"Look! I drew a panda."
I would assume that "look!" as an imperative would be either 你看or some sentence ending in 吧 or with some particle. Can it really stand alone as in the example, and would that work in a sentence like 看那只熊猫 to mean it's an imperative form?
You seems to be pretty experienced in Chinese. Great! But your impression on imperative form of Chinese is not entirely correct.
- Most sentences with "we" and "you" as the subject can be used as an imperative sentence. But there are some intricate intonation difference between a declarative sentence and an imperative sentence, which I can't describe in a few words (but you will get it after practicing Chinese with native speakers). It's not recommended for Chinese beginners.
- Contrary to what you may believe, an imperative sentence can omit the subject if the subject is obvious. And people do it in most cases. Omission of subject is the most obvious feature of an imperative sentence.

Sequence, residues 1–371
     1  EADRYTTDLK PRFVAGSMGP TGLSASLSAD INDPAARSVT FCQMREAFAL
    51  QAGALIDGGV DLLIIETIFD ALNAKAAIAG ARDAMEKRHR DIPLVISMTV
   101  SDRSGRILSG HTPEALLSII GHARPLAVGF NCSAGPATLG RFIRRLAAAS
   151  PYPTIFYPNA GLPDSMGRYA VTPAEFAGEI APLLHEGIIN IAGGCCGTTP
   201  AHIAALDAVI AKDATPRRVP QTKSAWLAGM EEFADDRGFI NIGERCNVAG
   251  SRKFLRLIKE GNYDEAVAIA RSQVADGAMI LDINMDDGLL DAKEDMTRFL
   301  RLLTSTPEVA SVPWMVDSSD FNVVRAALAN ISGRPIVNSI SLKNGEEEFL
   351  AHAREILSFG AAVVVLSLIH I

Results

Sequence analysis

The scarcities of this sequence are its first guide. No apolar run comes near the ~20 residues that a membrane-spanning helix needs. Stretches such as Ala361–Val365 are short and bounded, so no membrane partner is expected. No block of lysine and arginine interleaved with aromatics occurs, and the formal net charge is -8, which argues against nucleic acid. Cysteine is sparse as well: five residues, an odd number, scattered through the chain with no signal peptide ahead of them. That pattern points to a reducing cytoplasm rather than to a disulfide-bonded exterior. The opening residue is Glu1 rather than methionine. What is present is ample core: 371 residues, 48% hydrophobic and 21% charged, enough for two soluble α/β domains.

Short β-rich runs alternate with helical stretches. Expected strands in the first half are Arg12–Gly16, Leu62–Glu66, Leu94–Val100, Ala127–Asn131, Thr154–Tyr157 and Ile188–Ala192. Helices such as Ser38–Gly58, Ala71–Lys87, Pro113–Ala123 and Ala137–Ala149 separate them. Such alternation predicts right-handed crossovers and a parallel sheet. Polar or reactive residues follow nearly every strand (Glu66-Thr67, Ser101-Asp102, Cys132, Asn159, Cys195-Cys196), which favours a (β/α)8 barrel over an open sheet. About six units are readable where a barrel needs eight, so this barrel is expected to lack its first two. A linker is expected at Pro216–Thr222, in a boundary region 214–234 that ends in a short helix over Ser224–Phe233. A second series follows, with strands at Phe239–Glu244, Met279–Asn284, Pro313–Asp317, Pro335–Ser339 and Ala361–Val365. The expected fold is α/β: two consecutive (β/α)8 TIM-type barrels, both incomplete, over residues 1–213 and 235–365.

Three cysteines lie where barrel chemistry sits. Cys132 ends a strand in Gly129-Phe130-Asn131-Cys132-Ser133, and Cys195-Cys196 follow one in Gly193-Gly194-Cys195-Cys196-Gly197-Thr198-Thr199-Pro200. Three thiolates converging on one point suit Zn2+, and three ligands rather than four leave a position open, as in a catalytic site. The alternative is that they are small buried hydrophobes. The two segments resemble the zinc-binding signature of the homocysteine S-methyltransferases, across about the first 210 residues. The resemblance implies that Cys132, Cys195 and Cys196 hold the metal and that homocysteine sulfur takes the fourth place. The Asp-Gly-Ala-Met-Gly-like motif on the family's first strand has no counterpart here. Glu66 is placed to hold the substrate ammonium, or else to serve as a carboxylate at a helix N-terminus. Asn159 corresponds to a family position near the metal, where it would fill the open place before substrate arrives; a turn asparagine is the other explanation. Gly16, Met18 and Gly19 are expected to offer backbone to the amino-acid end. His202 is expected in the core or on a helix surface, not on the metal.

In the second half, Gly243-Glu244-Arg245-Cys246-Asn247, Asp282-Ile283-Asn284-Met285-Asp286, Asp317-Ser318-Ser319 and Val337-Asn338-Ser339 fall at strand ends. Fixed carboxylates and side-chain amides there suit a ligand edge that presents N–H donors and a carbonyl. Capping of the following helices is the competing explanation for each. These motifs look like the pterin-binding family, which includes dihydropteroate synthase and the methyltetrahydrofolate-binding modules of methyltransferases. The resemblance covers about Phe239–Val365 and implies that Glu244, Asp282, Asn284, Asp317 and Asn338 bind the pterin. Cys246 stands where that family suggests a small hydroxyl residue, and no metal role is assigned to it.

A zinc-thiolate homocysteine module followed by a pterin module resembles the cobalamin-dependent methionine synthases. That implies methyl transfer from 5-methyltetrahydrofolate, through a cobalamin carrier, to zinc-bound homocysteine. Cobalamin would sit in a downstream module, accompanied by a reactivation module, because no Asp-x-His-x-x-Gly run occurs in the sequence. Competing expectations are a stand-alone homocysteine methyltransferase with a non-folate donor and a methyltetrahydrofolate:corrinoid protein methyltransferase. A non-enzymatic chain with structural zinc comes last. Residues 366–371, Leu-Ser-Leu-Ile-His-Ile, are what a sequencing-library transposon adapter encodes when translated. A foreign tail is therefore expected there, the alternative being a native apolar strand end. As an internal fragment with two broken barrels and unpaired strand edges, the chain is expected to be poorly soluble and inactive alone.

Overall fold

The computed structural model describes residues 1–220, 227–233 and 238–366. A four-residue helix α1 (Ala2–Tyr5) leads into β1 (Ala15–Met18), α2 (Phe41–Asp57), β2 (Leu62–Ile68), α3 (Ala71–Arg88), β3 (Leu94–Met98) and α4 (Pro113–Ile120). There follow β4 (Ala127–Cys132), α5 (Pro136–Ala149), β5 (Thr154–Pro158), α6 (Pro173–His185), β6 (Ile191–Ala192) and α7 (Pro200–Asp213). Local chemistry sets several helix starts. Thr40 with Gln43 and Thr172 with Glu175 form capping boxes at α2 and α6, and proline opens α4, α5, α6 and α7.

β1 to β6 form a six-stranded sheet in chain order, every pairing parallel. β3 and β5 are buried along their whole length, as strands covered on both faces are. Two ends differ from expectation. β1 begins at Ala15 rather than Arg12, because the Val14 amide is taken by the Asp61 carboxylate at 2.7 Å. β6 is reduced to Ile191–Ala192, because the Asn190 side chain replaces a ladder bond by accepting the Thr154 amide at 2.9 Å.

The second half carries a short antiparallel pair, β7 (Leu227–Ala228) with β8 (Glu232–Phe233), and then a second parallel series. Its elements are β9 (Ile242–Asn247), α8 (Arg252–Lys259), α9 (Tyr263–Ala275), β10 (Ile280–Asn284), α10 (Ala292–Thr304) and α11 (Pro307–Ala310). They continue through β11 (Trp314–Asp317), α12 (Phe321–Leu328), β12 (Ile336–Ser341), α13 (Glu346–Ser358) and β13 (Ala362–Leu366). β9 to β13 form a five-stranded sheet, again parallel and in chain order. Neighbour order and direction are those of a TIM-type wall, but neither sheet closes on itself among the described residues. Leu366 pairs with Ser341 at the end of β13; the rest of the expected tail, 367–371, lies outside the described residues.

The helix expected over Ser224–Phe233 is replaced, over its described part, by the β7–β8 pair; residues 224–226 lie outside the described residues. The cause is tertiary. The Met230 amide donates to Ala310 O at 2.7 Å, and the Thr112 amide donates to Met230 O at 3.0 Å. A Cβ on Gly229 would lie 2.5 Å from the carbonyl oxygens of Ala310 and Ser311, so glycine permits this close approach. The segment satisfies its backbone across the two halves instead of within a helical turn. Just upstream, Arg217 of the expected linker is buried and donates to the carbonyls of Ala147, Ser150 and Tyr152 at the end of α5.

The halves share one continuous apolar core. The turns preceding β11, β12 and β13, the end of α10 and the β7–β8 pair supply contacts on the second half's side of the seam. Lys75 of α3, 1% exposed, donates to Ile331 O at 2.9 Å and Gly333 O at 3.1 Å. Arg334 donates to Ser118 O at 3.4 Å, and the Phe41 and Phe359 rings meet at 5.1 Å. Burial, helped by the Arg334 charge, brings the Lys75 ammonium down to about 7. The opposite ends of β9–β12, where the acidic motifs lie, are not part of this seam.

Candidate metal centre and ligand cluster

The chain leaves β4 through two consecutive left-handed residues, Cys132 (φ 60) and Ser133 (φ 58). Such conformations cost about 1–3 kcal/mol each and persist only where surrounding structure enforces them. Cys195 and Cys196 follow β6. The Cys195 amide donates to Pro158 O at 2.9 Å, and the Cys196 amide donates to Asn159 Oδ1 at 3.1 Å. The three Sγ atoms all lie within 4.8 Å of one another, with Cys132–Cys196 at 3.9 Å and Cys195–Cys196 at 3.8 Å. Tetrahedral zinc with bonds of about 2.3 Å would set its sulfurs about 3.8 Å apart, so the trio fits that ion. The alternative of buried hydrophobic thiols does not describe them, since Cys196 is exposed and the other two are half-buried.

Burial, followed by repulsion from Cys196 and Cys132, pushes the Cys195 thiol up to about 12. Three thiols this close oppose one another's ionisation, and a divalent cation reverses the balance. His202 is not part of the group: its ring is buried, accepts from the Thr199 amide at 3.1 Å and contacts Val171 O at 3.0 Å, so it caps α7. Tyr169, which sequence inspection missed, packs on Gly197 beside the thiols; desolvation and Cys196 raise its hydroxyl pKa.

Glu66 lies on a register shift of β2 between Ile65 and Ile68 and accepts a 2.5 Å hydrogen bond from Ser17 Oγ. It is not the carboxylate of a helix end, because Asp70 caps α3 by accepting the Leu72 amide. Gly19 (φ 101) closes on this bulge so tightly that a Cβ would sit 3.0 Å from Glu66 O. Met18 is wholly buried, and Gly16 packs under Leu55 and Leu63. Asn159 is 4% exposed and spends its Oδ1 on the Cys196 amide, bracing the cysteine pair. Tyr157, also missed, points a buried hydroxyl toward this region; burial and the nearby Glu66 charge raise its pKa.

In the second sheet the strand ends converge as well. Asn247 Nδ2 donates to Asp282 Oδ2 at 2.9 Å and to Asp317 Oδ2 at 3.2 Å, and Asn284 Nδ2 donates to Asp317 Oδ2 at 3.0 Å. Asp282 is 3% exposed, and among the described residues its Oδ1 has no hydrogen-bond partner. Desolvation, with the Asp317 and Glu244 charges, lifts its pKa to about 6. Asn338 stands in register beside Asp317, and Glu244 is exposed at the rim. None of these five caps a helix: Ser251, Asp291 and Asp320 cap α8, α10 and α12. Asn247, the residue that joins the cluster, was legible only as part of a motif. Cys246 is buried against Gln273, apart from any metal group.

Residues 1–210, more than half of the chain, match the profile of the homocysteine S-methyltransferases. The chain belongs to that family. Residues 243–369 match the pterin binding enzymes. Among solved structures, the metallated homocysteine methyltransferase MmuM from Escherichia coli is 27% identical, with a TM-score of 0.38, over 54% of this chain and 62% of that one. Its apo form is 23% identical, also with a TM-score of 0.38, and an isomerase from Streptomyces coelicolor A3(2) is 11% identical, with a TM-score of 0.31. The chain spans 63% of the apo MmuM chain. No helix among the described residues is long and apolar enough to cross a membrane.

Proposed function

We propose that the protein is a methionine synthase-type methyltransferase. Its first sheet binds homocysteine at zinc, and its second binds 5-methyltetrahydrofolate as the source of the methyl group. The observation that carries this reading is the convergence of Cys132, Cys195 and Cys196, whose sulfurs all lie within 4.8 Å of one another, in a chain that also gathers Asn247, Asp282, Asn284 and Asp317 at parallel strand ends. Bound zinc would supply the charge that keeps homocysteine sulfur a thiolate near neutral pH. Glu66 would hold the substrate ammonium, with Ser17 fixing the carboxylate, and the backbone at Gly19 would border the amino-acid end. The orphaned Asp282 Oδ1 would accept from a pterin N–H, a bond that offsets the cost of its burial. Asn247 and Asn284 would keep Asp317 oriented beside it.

- 吧 indicates the hortative mood. which softens the feeling of "commanding" a lot. But it is optional.
- Beside the omission of subject, another difference between the imperative and declarative sentences is that you need to use 别 / 不要 instead of 不 for negative imperative sentence.
I think that's fine for the imperative form. You certainly wouldn't be wrong to use 吧. Personally, I would use 看一下，看看，or看一看 at the begining of the sentence if I wanted someone to "take a look" at something. However, those versions of 看 suggest a certain amount of leasure, and the particle 吧 is a suggestion, not a hard command, so they would not be suitable for an urgent situation like "Look! It's on fire!"